New report unveils pathway to accelerate women’s digital financial inclusion in Central Africa
UNCDF and Flutterwave join forces to ensure women’s voices are included during the policymaking process on digital financial services. In June 2021, our CEMAC advisory panel shared 23 proposals for accelerating women’s financial inclusion with regulators and public decision-makers in the region. Read the full report here.
Read the report: 23 proposals from the UNCDF Advisory Panel on Women and Digital Financial Services in the CEMAC region.
A new report, published by the United Nations Capital Development Fund, in collaboration with Flutterwave, proposes 23 measures to reduce the gender digital divide in financial services in Central Africa, where almost two-thirds of women are still excluded from the formal financial sector.
The report aims to ensure the policy and regulatory environment accelerates women’s access to digital financial services, strengthens financial and digital education and improves consumer protection. It pushes forward new ideas and highlights the urgent needs that women in the region have, which have increased as a result of the COVID-19 pandemic.
By providing millions of women across Central Africa with access to financial accounts, digital financial services have the potential to improve their financial lives and economic participation. Ensuring their impact is inclusive requires innovation not only in technology and product development, but also in policies. This report represents a significant step that has been taken toward bringing the experiences of those impacted by policies into the halls of decision-making.
“Women’s voices as community leaders, technical experts, and consumers are essential to designing and implementing policies that have a direct impact on their financial lives. This is particularly the case for consumer protection regulations, where privacy, transparency, and fairness are addressed directly. Women need to be in the room when important decisions are made. That’s how today’s reforms will pay off in the long term.”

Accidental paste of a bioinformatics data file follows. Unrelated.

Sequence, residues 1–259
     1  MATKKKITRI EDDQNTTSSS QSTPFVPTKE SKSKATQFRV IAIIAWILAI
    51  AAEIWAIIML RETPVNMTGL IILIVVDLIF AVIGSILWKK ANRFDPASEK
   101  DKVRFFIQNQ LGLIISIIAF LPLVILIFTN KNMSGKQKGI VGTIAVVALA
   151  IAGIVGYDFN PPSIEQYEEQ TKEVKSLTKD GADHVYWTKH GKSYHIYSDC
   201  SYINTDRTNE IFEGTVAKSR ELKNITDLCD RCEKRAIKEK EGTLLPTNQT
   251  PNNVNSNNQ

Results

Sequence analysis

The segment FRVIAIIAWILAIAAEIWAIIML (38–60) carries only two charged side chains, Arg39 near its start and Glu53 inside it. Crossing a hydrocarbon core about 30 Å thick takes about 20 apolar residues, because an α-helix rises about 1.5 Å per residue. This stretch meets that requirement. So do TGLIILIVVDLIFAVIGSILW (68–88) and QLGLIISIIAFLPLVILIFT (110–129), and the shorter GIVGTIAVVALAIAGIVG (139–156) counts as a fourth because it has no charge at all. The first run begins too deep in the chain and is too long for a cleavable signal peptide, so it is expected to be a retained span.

— Ahmed Dermish, UNCDF Policy Accelerator Lead Specialist
Despite recent efforts to promote women’s financial inclusion across the Central African Economic and Monetary Community (CEMAC), women still face major legal, social, and cultural barriers which prevent them from using formal financial systems. In addition, their voices are often absent from the process of developing related public policies and regulations.
For the very first time, a participatory initiative underscores the major role civil society organizations have in informing financial inclusion policies, working alongside governments and regulatory authorities across the six countries of CEMAC.
The 23 policy recommendations emanate from the Advisory Panel on Women & Digital Financial Services in Central Africa, which was convened by UNCDF from March 2021 to March 2022 and gathered civil society representatives from across the six CEMAC countries (Gabon, Cameroon, the Central African Republic, Chad, the Republic of the Congo and Equatorial Guinea).
UNCDF and Flutterwave are collaborating with the Panel to turn these recommendations into policy, regulatory, and market solutions.
“Flutterwave is proud to collaborate with UNCDF on such an important initiative designed to facilitate financial inclusion and have a long-term impact on the local communities. Ensuring that all Africans are financially included in the new digital world is our key focus and this cannot happen if we do not first bridge the current gender gap.”
— Bode Abifarin, Chief Operating Officer at Flutterwave
About the UNCDF Advisory Panel on Women & Digital Financial Services in the CEMAC region
In March 2021, UNCDF, through its Policy Accelerator, created an advisory panel on “Women and Digital Financial Services” to facilitate regular dialogue between regulators, policymakers, and civil society representatives from each of the six CEMAC countries (Gabon, Cameroon, the Central African Republic, Chad, the Republic of the Congo and Equatorial Guinea). Since its inception, the panel has presented its recommendations to regional and national regulators and several participants have been invited to contribute to the regional financial inclusion strategy.